Malala Day, will be observed this year on 12 July 2017, is a day to stand up for the right to education, especially female education. It is not just about Malala Yousafzai, a Pakistani teen activist, who was born on 12 July 1997 (19 years), became a target of Taliban in October 2012 and defied death after a serious gunshot injury, a Nobel Peace Prize winner and the UN’s youngest ambassador for peace. Education partnerships by the E-9 countries- Bangladesh, Brazil, China, Egypt, India, Indonesia, Mexico, Nigeria and Pakistan are re-assessing how best they can pool their knowledge and efforts to achieve the ambitious global goal in education (SDG4). Over two-third of the world’s illiterate adults and over half of the world’s out-of-school children reside in these countries. As a group, they represent 53% of the global population and constitute the nine most highly-populated countries of the Global South. Source: UNESCO IIEP Learning Portal. Globally, 32 million primary school-aged girls are still out of school. 98 million more girls are missing out on secondary education. Source: UNESCO Institute of Statistics.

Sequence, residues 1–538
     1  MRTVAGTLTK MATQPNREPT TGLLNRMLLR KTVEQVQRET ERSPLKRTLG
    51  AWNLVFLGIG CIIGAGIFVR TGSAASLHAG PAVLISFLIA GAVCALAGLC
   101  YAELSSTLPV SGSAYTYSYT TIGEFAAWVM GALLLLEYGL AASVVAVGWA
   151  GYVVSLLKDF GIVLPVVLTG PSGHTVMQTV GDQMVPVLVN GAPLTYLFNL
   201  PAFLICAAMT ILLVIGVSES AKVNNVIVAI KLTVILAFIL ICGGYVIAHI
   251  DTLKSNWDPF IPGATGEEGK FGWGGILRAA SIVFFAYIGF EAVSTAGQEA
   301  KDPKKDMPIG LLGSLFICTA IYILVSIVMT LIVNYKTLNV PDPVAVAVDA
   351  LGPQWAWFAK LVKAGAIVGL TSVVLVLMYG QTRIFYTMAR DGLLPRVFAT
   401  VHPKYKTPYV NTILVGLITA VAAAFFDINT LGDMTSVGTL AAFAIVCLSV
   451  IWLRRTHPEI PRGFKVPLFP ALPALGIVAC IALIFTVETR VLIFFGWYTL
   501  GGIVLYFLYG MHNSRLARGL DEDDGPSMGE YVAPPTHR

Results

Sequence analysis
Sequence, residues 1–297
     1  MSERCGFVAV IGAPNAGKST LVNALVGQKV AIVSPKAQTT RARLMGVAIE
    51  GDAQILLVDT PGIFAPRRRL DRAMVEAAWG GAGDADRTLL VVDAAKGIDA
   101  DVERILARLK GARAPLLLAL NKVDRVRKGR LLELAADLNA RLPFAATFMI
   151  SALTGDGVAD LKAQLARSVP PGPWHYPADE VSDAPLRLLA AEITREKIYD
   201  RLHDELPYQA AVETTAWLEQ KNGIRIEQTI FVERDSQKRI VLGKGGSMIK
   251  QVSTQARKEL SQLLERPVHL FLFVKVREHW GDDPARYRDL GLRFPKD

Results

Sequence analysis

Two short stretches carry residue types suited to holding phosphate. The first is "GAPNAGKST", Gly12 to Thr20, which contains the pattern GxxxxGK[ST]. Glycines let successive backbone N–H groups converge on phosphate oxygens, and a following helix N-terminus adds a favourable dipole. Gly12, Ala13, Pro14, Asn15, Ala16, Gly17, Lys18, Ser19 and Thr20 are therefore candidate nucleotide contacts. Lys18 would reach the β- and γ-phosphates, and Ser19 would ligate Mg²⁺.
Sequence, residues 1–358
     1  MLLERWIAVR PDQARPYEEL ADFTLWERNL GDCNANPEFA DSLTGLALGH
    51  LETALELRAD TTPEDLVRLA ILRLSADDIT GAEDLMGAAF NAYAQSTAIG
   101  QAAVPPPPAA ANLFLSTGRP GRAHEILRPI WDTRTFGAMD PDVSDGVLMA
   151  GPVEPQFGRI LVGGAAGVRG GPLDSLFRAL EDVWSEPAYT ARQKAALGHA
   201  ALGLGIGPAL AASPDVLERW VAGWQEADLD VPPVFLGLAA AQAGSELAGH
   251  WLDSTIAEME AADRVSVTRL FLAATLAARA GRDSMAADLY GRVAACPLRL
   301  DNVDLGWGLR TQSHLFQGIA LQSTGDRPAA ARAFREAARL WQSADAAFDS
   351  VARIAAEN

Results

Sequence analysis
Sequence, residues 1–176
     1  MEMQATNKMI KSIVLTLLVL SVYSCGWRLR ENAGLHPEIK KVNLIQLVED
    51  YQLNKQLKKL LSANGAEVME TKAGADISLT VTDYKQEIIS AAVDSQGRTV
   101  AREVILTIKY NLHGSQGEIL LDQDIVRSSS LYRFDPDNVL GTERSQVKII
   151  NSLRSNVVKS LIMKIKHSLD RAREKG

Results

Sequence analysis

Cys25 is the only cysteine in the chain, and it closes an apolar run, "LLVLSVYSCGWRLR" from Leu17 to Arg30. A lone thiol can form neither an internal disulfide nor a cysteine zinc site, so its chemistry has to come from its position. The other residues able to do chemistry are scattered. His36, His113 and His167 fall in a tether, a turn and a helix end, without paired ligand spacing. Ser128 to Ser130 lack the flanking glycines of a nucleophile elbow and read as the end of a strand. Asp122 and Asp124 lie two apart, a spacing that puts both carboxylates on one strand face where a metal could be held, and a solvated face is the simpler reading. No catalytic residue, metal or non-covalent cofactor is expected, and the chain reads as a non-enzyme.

In total more than 130 million girls are out of school today. Source: OHCHR In Nigeria, total population of females aged 10 is higher than males. Adjusted primary school enrollment, net percent of primary school-age children, 1995-2015: male- 78%, Female- 70%.
Gender parity index, primary education 1999-2015: 0.84. Source: UNFPA.
Health benefits of female education include:
- Increased maternal and newborn health.
- Moderation of total fertility rate per woman through access to family planning methods.
- Increased life expectancy.
- Increased sexual and reproductive health.
- Prevention of violent extremism